“Jesus did not die for institutions, but for people…The work of the Lord is not building institutions, but redeeming people. People and the Word of God last forever…Never sacrifice the individual for the common good, for who decides what constitutes the common good? Jesus never tried to articulate such a definition; He simply said that He came to seek and save the lost.”

Our Declaration of Independence’s bold statements about the intrinsic worth of each person can only be understood as underpinned by Reformed Christianity’s emphasis on the individual:

We hold these truths to be self-evident, that all men are created equal, that they are endowed by their Creator with certain unalienable Rights, that among these are Life, Liberty and the pursuit of Happiness.—That to secure these rights, Governments are instituted among Men, deriving their just powers from the consent of the governed.

Yes, at that time some of them had slaves. Women were not given equal rights. But this bold statement was like a lighthouse, pointing the way. Over the next two centuries our nation has been on a constant quest toward that light: over 600,000 Americans died in a war to free the slaves, an outcome never before seen in human history, and equal rights are now guaranteed to every American, except to unborn children.

Here is the problem: When we talk about America being a post-Christian nation, what will then be the faith foundation for what is coming in the future? If every institution and movement has a foundation in either religious or secular faith, can the America we know, clearly founded on the Judeo-Christian belief in the worth of the individual, survive?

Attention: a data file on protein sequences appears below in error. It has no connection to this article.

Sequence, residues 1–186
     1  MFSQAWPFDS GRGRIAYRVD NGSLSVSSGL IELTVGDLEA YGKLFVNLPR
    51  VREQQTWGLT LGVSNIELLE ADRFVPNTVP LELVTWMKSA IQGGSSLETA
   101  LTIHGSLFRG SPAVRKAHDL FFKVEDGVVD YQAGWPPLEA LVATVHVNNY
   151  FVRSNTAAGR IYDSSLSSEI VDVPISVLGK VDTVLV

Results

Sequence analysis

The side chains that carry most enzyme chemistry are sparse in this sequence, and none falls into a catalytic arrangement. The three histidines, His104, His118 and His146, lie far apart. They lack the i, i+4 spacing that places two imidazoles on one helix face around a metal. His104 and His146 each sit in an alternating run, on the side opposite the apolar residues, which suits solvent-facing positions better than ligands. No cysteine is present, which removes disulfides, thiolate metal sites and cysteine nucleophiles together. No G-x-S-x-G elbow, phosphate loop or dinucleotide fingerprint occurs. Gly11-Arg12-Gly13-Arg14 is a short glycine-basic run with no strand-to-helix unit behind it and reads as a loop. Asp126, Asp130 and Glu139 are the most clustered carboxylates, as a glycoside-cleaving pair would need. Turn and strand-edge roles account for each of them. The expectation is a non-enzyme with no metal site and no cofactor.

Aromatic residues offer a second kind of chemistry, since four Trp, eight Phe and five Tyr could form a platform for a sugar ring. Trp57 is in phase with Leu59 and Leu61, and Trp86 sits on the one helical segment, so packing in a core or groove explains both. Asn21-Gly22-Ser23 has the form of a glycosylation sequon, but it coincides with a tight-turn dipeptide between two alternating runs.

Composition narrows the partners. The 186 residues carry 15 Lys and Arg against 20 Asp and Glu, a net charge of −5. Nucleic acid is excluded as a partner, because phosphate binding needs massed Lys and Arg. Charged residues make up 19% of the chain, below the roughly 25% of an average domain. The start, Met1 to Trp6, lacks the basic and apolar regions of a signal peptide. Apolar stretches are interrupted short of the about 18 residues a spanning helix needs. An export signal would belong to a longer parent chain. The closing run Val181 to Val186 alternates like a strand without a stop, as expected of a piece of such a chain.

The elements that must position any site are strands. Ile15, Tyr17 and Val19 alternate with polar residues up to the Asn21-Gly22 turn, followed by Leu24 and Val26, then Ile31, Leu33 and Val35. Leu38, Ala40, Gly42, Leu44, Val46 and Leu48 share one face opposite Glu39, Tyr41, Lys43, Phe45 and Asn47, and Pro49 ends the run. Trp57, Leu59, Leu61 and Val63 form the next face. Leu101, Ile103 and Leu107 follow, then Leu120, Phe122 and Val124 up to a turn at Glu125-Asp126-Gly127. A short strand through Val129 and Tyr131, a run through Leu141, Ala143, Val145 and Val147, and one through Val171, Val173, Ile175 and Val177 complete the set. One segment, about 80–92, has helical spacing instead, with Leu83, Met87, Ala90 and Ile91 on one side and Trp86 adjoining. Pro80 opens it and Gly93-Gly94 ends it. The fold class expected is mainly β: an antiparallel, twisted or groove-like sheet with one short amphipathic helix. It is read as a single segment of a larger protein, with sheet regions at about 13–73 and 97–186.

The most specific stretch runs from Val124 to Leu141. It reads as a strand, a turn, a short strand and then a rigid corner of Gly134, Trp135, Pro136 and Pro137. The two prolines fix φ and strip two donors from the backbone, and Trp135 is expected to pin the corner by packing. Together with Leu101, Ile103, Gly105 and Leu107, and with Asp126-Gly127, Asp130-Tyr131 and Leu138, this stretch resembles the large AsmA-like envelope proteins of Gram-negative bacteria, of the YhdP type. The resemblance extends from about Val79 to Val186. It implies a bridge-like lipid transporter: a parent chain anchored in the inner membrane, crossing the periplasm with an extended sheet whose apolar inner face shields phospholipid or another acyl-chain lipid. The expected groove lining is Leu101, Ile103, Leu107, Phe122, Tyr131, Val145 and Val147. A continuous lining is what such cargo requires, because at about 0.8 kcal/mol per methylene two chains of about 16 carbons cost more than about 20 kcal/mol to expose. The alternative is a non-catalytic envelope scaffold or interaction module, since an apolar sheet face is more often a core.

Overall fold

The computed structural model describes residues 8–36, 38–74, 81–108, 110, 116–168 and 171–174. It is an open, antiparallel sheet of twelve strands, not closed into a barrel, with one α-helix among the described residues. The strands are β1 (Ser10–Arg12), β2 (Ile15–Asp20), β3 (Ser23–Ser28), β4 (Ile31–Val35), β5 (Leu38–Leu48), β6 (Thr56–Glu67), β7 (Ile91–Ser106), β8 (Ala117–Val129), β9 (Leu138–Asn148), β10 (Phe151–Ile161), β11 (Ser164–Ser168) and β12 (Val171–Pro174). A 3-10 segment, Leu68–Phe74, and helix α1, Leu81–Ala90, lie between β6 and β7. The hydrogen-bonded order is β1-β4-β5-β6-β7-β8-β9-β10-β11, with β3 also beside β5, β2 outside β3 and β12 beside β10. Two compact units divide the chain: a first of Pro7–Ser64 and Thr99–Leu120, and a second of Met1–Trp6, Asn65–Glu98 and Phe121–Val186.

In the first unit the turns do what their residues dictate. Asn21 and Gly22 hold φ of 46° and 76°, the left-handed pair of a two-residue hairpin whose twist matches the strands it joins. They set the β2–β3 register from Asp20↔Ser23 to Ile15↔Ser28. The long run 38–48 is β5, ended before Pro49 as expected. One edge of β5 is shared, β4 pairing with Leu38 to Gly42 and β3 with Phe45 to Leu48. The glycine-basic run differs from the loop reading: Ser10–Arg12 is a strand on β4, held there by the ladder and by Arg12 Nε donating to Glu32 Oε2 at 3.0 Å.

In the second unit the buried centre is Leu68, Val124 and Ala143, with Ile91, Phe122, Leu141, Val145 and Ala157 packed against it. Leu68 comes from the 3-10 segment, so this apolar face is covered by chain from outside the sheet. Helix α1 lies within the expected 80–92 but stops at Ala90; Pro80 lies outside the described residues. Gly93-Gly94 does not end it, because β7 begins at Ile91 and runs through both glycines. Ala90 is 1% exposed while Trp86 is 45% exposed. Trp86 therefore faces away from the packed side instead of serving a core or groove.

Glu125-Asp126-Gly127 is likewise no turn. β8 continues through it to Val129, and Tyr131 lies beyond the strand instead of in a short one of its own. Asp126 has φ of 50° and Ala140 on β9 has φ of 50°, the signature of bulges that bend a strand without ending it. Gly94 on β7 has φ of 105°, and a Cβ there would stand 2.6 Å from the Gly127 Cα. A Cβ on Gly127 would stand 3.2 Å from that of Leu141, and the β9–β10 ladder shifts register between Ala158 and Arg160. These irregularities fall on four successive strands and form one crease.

Our culture and institutions are moving rapidly away from our founding Christian faith. Most movers of culture and many in politics and the press deride those of us who believe in Christ and his redemptive work in our lives. But while you can argue that ours is no longer a Christian nation, you cannot argue that it was not founded on Christian principles, and primarily on the sacredness of the individual and her or his freedom to make individual decisions with consequential outcomes–from choosing a Savior, or not, to choosing a career, a spouse, and electing those who will govern us by the consent of the governed.

My concern is that by undermining that Judeo-Christian faith we are destroying the foundation on which our secular nation is built. And what appears to be replacing it emphasizes groups, tribes, victims, and the need for the government to protect everyone’s feelings and to rectify everyone’s problems, with an elite of course required to make those decisions for us.

Let me be clear that I am not advocating a theocracy, a formal mixture of church and state. That always turns into a disaster for both. What was so unique about the timing of the American Revolution was a society where reformed Christian faith was powerfully woven into the majority’s foundational belief system. They worshiped God somewhat differently and argued over details—which is why they did not want a government-established national denomination—but fundamentally they agreed on the truth of the Christian Creeds, which included belief in the intrinsic worth of the individual because he or she is created in the image of God and is an eternal being.